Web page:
Jazz in Europe/European Jazz?

Course Content
In August 1918, James Reese Europe and his band, known as the Harlem Hellfighters, gave a concert in Paris to an ecstatic audience. In the following months, many more Europeans in the liberated Allied regions would get a chance to hear the latest music from the United States. It marked the beginning of Europe’s century-long, complex relationship with jazz. Then, as now, Europe was far from homogenous, and consequently the way jazz was viewed differed largely between countries, within countries, and over time. Since jazz so clearly hailed from elsewhere, and because of its strong racial overtones, the music was invariably understood as something other, and consequently local European cultures all reacted. 
The reception of jazz was deeply influenced by the locally different political, religious, economic, racial and ethnic situations, and the discourses that surrounded jazz fed into a variety of ideas and ideologies about local identities, high and low culture, avant-gardism, aesthetics, intellectualism, and the future of the arts.

Learning Objectives
In this course we will investigate the history of jazz in Europe, and try to think about what it means to be a jazz performer in Europe today. Students will learn about the major debates around jazz in Europe (but also elsewhere), will read key texts on jazz in Europe, and will investigate their own local scenes (i.e., a student from Greece will report on jazz in Greece). Questions that lead our investigations are: How are local repertoires different from others? Do they share a common European lineage, as some have argued? What is the relation between jazz in Europe and jazz in the US?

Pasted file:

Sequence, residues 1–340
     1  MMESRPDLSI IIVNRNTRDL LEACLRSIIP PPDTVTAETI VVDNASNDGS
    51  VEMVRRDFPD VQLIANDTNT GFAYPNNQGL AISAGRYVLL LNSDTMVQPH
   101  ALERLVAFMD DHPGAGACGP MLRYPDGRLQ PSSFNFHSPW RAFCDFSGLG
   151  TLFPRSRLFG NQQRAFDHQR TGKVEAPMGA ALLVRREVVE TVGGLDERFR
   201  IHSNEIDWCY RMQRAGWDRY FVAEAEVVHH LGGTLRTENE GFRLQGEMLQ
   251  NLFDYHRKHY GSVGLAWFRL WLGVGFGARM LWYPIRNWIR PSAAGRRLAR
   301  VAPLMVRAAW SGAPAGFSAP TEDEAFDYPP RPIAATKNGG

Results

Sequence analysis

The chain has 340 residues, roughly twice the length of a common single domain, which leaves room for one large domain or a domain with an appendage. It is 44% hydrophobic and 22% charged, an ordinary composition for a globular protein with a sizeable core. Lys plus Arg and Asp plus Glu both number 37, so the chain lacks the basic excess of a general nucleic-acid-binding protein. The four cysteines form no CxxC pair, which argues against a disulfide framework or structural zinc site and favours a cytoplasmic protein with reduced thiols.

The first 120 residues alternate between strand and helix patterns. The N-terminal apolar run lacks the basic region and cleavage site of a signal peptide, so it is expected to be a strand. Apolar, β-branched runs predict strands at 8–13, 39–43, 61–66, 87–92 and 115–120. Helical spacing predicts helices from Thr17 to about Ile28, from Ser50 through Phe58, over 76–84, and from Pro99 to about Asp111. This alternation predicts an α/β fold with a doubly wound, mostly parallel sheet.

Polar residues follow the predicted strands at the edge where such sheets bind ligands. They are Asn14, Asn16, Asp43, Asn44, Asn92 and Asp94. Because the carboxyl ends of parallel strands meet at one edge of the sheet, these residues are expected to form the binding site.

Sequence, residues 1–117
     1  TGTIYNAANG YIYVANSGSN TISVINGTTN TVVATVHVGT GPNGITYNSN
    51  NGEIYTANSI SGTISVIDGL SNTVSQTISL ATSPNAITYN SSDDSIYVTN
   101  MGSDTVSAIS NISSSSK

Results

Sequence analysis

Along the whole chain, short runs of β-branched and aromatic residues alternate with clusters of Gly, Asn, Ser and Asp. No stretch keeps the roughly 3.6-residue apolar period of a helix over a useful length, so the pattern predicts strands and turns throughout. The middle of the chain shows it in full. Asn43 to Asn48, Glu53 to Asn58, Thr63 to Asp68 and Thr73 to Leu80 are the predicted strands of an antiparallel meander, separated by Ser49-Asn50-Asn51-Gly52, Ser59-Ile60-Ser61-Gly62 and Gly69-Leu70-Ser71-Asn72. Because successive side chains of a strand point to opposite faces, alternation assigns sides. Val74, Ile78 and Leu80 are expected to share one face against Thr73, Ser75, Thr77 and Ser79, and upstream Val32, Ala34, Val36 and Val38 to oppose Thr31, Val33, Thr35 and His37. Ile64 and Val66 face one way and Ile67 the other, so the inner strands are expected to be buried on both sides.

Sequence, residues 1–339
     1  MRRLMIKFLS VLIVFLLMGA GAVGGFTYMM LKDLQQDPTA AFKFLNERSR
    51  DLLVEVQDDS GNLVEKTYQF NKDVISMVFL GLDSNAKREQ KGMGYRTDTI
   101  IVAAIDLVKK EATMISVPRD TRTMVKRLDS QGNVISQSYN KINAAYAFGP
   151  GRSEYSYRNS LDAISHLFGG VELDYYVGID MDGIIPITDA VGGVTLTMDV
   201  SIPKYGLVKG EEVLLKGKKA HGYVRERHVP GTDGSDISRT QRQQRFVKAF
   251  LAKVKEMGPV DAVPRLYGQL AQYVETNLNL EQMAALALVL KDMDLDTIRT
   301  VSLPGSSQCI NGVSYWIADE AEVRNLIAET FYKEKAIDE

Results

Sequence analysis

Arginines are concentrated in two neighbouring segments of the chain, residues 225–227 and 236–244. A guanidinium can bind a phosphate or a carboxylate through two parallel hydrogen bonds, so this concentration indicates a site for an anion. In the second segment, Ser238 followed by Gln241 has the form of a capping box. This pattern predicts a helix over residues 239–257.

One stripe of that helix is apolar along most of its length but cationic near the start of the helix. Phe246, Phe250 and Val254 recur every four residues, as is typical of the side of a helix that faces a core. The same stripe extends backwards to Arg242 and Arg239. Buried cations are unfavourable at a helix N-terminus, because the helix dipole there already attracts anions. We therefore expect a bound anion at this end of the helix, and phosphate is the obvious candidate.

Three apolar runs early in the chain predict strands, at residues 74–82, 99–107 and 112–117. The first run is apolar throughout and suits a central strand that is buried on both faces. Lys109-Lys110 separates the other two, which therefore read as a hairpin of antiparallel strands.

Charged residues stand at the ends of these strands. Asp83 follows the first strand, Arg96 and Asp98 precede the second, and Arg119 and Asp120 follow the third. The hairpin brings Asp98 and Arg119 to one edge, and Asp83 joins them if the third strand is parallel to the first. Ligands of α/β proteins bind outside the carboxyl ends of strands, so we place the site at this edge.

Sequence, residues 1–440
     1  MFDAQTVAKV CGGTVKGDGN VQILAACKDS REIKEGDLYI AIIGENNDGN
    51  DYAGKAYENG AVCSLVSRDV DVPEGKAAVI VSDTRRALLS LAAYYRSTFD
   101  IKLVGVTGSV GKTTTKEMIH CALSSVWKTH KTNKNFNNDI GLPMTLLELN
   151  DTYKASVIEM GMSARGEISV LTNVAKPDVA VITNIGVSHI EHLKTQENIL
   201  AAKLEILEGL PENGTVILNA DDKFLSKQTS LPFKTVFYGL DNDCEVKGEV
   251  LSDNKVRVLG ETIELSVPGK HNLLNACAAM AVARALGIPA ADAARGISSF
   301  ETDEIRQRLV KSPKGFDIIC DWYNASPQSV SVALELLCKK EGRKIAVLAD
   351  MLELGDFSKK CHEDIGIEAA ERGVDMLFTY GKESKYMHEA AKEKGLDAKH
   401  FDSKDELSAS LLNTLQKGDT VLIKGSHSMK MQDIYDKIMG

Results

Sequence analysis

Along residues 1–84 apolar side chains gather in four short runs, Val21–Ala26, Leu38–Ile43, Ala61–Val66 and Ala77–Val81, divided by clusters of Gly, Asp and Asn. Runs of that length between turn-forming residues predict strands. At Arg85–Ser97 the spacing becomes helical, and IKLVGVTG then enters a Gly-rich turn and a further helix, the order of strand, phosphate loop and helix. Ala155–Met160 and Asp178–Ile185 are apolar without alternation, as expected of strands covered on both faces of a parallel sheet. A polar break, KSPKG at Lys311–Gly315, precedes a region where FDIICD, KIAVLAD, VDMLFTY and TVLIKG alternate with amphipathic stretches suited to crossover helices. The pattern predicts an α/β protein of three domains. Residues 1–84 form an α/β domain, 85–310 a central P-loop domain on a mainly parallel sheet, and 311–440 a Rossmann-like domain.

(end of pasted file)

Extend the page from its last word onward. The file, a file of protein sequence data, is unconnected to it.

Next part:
Course details

teacher Walter van de Leur
term February-May 2021, Thursday 14.00-17.00
course requirements Readings, other assignments, final assignment and minimum 80% attendance are mandatory (but students should aim for 100%) You must be fluent in English
topics * Introduction to key concepts related to jazz in Europe
  * Discussion of weekly reading assignments
  * Listening to local examples collected and discussed by students
texts (among other things) * Nicholson. Is Jazz Dead? (Or Has It Moved to a New Address?) (2005).
  * Cerchiari, Cugny, Kerschbaumer. Eurojazzland: Jazz and European Sources, Dynamics, and Contexts (2012)
  * Martinelli. The History of European Jazz: The Music, Musicians and Audience in Context (2018).
  * Whyton. Europe and the New Jazz Studies (2012)
  * Van de Leur. ‘Introduction to Oxford History of Jazz in Europe’ (forthcoming)
  * Additional reading may be announced in class
listening Students will weekly bring an example of local music to class
assignments Weekly readings, collecting and analysing music, weekly contribution of local texts collected by one of the students
assessment Individual 20-minute presentation
credits 5
notes Reading assignments are obligatory. My classes are 100% analogue. The use of mobile phones, laptops, etc. is not permitted.